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Immigration and asylum

This category contains 38 posts

What’s new in administrative justice, October 2017

UK Parliament The Data Protection Bill has had its second reading in the House of Lords. The Bill will repeal and replace the Data Protection Act 1998; update the UK’s data protection regime; and help to ensure that the UK and EU regimes are aligned following the UK’s departure from the EU. The Government has … Continue reading

Creative research opportunity – Seeking Asylum in Wales

The Equality and Human Rights Commission (EHRC) is looking for a suitably experienced contractor(s) to develop a range of resources to communicate the lived experience of refugees and asylum seekers in Wales. The successful contractor will have knowledge of and links to refugee and asylum seeker groups along with film making, project and event management … Continue reading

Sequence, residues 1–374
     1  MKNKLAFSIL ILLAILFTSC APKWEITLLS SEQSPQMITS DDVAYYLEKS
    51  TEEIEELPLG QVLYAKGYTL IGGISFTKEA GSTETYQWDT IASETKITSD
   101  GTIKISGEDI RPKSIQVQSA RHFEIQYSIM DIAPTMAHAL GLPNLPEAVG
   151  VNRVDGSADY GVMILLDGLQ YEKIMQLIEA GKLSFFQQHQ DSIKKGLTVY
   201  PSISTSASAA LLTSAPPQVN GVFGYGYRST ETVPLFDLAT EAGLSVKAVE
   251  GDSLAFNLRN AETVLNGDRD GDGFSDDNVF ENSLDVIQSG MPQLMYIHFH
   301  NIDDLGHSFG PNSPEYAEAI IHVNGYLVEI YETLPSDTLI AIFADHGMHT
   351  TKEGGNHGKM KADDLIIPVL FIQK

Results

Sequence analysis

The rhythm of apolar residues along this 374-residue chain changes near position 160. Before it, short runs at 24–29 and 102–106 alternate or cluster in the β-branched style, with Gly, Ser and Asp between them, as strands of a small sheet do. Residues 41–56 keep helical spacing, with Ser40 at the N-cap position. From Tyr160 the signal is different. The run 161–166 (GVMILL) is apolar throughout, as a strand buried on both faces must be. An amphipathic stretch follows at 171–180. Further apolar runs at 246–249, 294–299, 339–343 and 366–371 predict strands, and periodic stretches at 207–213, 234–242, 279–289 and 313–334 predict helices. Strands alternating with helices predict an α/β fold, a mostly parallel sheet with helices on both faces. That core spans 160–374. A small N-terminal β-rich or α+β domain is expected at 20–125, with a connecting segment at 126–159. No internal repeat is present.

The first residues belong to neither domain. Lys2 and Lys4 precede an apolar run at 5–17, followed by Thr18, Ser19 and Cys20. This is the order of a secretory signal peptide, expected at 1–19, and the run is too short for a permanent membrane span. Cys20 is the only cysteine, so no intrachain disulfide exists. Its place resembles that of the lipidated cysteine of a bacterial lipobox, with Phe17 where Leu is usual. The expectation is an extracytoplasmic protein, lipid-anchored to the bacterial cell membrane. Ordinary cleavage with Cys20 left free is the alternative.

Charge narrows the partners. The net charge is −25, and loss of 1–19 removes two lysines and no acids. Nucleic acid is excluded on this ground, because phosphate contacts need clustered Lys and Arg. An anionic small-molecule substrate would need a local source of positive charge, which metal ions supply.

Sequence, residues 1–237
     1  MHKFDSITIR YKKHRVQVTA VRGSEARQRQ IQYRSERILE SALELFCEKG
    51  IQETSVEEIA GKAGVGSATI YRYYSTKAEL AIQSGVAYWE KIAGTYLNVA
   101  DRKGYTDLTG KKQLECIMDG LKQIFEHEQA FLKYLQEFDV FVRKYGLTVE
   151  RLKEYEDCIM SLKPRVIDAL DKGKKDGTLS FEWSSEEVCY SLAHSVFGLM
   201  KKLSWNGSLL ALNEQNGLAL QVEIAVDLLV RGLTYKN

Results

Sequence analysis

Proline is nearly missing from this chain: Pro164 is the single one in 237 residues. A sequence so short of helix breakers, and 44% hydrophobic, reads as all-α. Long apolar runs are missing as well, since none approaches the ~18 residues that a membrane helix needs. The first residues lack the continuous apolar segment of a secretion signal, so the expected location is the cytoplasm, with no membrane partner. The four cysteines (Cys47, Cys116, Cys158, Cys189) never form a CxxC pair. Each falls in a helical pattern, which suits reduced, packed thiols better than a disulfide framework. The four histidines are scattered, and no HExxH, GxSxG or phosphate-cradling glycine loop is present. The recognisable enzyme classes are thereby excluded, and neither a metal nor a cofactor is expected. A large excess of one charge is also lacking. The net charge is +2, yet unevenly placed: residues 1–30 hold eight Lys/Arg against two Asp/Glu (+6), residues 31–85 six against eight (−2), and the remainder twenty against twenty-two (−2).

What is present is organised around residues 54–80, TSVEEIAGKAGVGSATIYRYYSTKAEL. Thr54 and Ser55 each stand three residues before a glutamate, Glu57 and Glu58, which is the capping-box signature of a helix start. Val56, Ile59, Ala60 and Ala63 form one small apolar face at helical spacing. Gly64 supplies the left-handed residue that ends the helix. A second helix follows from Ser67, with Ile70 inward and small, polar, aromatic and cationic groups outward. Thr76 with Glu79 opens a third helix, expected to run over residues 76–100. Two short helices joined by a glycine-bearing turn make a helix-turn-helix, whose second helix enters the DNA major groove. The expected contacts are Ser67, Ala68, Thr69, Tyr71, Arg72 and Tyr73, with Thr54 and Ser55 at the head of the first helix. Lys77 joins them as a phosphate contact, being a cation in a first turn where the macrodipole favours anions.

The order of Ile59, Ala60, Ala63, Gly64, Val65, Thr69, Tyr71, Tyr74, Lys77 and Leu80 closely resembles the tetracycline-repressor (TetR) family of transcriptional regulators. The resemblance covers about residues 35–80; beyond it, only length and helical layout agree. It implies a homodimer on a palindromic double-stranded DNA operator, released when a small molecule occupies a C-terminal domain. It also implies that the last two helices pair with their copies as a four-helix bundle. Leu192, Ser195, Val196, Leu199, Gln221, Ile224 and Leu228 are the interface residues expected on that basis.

What’s new in administrative justice, September 2017

Parliament The EU (Withdrawal) Bill is due to have its second reading in the House of Commons on 7 September. The First Ministers of Wales and Scotland have announced that they will work together on amendments to the Bill in order to protect devolved powers and responsibilities following the UK’s withdrawal from the EU. The … Continue reading

Immigration administrative review: the Independent Chief Inspector of Borders and Immigration’s second report

By Robert Thomas and Joe Tomlinson The Independent Chief Inspector of Borders and Immigration (ICIBI) recently published his second report on the Home Office’s administrative review process. This blog provides some context for this report and also analyses its contents.  The new immigration administrative review process In recent years, government has reformed administrative redress processes. … Continue reading

Immigration appeals and delays: On the verge of a crisis?

By Robert Thomas In this blog Robert Thomas considers delays in immigration appeals and available data. There have been some news stories over recent months about delays in immigration appeals. In December 2016, Meg Hillier MP, chair of the Commons Public Accounts Committee, said that the immigration appeals system was on the verge of a … Continue reading